Editor's Rating

"We've been told, we're not afraid of you."

6.5

Kate Bush had exploded on the British music scene early in 1978 and had made an immeadiate impact, sweeping all before her and instantly becoming the biggest artist in the UK. Or at least that’s what her record company wanted you to believe. In reality Miss Bush had been groomed for fame for at least the last three years and EMI had invested a vast amount of money in her. “Wuthering Heights” had been a deserved smash hit single and The Kick Inside had been a strong seller, but now EMI were determined to cash in on their investment. As a result of this pressure to put more product on the shelves, Kate Bush’s sophomore album, Lionheart, was released in late 1978, and given the fact she had three years to put together her debut, chances are that it was always going to pale in comparison.

It’s probably fair to assume that much of the material that makes up Lionheart was penned at the same time as the songs that made up The Kick Inside, which automatically leads to the assumption that those were the songs that weren’t considered good enough to go on Bush’s debut album, therefore rendering Lionheart effectively some a kind of out-takes album.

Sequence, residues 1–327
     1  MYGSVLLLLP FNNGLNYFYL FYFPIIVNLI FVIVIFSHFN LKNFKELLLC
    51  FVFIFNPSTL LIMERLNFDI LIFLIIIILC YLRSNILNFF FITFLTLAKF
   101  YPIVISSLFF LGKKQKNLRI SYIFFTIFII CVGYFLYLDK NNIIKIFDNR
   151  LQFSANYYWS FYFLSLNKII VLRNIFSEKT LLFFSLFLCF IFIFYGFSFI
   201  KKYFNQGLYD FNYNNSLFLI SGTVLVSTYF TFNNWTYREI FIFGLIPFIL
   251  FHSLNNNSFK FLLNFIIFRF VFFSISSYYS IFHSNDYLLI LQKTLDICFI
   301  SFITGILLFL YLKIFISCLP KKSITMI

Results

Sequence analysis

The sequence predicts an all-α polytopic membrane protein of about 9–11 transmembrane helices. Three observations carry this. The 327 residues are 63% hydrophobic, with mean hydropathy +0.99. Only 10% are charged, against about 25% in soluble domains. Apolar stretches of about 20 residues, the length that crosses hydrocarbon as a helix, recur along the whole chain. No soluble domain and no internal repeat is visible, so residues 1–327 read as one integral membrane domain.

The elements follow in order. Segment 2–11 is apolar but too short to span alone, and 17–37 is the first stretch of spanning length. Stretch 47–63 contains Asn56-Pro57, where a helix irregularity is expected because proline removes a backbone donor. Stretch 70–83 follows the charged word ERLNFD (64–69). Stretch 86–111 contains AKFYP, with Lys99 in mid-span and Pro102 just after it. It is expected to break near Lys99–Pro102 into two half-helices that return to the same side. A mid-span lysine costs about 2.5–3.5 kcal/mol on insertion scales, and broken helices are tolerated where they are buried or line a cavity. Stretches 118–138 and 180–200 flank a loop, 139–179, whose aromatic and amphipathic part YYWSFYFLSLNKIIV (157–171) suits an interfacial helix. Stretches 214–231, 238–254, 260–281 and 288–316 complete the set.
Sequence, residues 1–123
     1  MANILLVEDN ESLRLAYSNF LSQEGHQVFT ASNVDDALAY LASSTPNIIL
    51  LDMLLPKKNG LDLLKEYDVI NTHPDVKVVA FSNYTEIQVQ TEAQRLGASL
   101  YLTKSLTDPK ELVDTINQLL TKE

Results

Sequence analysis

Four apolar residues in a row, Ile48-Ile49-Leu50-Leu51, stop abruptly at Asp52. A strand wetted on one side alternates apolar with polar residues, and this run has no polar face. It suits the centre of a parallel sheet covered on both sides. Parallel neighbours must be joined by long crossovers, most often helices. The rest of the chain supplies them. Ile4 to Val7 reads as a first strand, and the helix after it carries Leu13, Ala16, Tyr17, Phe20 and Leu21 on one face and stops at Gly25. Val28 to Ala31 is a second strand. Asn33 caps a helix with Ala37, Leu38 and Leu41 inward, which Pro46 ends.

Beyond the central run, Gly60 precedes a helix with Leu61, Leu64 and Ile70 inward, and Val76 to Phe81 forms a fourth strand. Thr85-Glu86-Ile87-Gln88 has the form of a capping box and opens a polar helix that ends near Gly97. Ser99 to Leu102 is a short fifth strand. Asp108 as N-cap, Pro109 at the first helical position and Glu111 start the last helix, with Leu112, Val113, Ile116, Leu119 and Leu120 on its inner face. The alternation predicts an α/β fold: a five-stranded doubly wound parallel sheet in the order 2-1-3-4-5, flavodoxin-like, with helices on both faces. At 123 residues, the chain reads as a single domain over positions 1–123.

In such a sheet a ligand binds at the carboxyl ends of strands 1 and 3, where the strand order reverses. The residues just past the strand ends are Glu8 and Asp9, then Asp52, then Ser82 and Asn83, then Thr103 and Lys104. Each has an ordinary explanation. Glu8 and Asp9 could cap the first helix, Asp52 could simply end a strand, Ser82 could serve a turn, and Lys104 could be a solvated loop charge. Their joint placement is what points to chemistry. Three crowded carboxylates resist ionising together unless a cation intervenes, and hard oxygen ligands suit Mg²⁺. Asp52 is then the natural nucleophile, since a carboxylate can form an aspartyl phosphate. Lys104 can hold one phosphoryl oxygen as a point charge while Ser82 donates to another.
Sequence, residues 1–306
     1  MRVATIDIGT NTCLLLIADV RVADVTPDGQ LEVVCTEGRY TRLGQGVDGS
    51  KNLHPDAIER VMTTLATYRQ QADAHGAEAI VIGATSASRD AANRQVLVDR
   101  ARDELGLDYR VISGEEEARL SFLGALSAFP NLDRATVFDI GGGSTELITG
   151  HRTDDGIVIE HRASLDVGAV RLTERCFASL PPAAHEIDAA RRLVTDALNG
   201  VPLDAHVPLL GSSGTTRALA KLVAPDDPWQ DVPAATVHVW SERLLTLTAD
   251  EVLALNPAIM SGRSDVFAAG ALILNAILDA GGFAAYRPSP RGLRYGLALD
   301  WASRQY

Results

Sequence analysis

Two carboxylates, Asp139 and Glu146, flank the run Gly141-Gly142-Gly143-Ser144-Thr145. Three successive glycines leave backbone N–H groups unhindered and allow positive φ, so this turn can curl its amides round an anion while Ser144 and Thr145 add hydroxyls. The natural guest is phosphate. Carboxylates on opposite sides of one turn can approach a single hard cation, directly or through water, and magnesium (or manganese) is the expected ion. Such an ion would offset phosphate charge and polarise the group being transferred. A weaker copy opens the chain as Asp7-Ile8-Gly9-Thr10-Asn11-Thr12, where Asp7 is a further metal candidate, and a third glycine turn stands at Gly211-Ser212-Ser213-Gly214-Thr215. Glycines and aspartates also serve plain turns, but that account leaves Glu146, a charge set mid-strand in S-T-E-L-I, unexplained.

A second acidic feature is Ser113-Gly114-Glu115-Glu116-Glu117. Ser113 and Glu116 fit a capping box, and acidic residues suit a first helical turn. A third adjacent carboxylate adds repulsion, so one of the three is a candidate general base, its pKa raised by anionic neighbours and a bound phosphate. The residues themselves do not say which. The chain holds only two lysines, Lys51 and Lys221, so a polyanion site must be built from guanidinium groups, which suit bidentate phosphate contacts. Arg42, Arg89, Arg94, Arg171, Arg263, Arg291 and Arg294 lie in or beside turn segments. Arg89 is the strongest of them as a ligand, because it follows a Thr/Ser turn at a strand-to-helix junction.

If Lionheart is an out-takes album, then it’s a pretty good one at that, although its big hit single would heave been an obvious choice. This calls into question exactly why the inferior and rather hokey “Hammer Horror” was chosen as the lead-off single, instead of the considerably more accessible “Wow”, a song I’ve always had a soft-spot for as it seems to capture Miss Bush at her most floaty and wide-eyed. It’s Lionheart’s most obviously commercial moment, which probably means that it was written specifically for the new album, rather than being penned alongside The Kick Inside material. The other stand out track of the album is “Oh England My Lionheart”. That’s not to say that the other tracks on Lionheart are sub-par, as they’re similar in style to the well-recorded prog-pop of her debut album, with a couple of the best things about it being the piano playing throughout and the fluid guitar work, which again echo its sister album.

So strongly linked are the first two albums of Kate Bush’s career that I would recommend purchasing both of the simultaneously if possible, but if you can only afford one, opt for The Kick Inside, because Lionheart will always lurk in the shadow of its predecessor.